Nickel Oxide and Chemical Nickel: what is the relevance between the two?

Nickel oxide (NiO) and chemical nickel plating are both related to the use of nickel, but they serve different purposes and operate in different manners.

nickel oxide

Nickel oxide (NiO):

It is a chemical compound consisting of nickel and oxygen.

It has several applications, including the manufacture of nickel-metal hydride (NiMH) batteries, ceramics, specialty glass, and as a catalyst in some chemical reactions.

It is not directly used in the nickel plating process, but may be involved in the production of precursors of nickel compounds used in such processes.

Chemical Nickel Plating:

Chemical nickel plating is a process used to deposit a thin layer of nickel on an object. This process, unlike galvanic nickel plating, does not require electric current; instead, it relies on an autocatalytic chemical reaction.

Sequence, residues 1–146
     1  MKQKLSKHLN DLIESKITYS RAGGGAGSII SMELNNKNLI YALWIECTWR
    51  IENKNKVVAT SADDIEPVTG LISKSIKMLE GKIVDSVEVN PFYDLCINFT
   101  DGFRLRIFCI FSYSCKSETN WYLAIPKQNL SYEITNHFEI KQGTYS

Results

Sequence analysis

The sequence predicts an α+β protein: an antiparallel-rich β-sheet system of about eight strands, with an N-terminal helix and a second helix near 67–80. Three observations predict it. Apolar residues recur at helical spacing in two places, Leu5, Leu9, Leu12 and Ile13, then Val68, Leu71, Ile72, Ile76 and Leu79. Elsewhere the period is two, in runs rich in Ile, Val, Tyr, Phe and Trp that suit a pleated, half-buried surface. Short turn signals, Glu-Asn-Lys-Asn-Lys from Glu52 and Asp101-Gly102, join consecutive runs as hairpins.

In the process of chemical nickel plating, a solution containing nickel ions is chemically reduced on the surface of the object to be treated, thus depositing a layer of nickel.

This layer offers corrosion protection, increases wear resistance, and can also be used to improve the aesthetic appearance of the object.

Relationship between Nickel Oxide (NiO) and chemical nickel plating:

Although not a direct reagent or product in the typical chemical nickel plating process, knowledge and technologies related to nickel chemistry, including those concerning Nio, can influence the development and improvement of nickel plating processes. For example, understanding the chemistry of NiO can help optimize the preparation and handling of nickel solutions used in nickel plating. In addition, some processes may require the reduction of nickel compounds such as NiO to generate the active nickel species needed for nickel plating.

However, in daily practice and industrial applications, NiO and chemical nickel plating are seen as two distinct areas with different applications and purposes.